Ossabaw Island hogs were brought to North America by Spanish explorers in the 16th century. A population of hogs was left on Ossabaw, an island off the coast of Georgia, to serve as a food source for future explorers. Because of their role in America's colonial days, these hogs are sometimes used by living-history sites, such as Mount Vernon.
Their feet are called hooves, which have two toes on each hoof.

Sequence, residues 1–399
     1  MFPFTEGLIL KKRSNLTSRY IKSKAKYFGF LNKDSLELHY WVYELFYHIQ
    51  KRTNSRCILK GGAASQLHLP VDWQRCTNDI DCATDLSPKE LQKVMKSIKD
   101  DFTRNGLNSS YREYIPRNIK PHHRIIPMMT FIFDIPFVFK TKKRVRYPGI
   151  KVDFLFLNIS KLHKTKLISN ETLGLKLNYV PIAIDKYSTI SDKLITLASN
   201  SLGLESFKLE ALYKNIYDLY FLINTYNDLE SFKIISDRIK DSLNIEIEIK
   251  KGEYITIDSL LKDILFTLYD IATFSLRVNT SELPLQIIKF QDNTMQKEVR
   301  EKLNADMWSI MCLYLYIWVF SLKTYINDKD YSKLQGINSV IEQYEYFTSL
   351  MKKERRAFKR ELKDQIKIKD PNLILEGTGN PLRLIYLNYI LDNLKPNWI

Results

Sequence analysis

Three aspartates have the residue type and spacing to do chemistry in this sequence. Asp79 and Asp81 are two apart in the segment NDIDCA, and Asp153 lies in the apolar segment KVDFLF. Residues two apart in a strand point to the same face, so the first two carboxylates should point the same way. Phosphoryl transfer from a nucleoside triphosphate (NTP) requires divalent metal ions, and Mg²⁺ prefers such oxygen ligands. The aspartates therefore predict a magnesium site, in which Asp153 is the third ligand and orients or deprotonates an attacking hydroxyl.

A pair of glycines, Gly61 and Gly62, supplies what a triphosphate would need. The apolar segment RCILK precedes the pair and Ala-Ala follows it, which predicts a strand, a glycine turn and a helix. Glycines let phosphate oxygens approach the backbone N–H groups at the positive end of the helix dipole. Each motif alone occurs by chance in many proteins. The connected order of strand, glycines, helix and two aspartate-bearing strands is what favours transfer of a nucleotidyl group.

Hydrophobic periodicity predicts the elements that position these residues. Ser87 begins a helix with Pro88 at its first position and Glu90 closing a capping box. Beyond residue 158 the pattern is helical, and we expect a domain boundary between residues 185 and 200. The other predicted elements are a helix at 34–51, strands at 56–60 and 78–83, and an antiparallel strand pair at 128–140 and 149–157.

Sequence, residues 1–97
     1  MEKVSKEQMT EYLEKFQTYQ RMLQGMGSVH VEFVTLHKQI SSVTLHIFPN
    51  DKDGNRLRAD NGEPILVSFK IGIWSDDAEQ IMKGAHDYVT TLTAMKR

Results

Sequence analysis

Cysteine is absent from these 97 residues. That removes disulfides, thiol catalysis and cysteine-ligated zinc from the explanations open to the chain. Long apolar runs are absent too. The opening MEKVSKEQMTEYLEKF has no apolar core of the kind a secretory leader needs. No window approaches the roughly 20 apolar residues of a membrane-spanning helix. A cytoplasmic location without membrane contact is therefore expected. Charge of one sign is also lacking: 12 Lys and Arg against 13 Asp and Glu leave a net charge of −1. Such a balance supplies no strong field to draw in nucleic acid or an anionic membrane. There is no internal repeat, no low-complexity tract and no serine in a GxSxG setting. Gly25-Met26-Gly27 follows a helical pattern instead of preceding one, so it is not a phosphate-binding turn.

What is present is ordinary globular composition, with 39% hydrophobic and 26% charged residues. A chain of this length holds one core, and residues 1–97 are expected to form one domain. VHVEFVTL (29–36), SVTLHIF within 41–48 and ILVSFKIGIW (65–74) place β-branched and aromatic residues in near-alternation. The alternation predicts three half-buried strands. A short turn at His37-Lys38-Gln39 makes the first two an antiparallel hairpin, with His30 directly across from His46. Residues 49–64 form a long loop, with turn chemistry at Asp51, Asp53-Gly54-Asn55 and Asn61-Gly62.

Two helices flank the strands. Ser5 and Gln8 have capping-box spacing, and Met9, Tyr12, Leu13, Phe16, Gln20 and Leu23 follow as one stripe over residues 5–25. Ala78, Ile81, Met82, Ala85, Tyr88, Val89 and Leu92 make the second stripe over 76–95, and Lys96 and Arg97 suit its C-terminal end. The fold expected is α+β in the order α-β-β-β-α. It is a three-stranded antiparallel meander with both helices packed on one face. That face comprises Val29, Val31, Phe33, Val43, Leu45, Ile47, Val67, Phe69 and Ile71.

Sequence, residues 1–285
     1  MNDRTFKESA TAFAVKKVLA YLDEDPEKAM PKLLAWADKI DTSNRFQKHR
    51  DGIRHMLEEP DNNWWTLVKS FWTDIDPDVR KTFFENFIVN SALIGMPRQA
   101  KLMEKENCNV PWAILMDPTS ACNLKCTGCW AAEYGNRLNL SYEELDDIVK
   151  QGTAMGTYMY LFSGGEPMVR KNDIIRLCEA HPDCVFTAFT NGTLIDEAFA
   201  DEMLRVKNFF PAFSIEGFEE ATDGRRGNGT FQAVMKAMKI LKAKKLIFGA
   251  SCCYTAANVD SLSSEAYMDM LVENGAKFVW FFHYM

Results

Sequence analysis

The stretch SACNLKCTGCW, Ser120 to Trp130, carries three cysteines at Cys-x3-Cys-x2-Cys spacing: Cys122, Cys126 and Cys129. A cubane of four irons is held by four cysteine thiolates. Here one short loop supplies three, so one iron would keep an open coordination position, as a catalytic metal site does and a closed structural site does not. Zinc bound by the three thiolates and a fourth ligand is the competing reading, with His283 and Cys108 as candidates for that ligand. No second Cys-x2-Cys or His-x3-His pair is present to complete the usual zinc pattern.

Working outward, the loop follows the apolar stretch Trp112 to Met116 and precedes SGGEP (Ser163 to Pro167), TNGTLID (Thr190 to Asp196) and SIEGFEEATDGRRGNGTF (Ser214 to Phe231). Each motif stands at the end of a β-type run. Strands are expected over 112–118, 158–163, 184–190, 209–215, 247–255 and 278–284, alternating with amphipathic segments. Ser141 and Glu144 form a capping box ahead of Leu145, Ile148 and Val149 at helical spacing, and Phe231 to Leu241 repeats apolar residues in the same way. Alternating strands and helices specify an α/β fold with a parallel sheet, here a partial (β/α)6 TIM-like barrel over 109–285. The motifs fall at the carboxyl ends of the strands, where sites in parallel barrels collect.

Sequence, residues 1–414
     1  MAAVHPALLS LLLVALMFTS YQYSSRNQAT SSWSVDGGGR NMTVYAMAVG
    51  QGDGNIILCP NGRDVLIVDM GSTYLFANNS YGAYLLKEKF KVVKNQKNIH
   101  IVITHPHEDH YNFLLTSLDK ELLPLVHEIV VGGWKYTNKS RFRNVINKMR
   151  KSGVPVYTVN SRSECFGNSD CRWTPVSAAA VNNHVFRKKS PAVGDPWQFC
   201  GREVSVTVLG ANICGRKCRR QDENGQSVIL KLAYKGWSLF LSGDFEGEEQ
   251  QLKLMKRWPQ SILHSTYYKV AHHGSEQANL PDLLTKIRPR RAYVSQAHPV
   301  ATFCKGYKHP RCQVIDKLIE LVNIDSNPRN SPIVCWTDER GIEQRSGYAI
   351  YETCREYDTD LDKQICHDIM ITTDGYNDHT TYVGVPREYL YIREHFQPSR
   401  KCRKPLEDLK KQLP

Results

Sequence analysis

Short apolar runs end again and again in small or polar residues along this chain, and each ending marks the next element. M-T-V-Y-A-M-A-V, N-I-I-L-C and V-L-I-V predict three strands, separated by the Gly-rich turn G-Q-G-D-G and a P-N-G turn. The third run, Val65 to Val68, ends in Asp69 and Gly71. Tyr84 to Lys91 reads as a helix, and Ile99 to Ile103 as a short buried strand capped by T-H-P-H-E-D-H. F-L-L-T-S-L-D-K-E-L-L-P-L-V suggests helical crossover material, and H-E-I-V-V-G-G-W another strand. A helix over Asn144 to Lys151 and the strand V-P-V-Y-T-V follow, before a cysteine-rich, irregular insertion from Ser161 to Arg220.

Studied by scientists
On Ossabaw Island, food is much less abundant in the spring, so Ossabaw Island hogs developed a unique way of efficiently metabolizing fat. Biologists who are studying obesity have found these hogs fascinating.
Hogs are even-toed ungulates, in the order Artiodactyla, which includes deer, hippos, antelopes, and sheep. At the National Zoo, you can see collared peccaries, scimitar-horned oryx, cows, alpacas, and goats.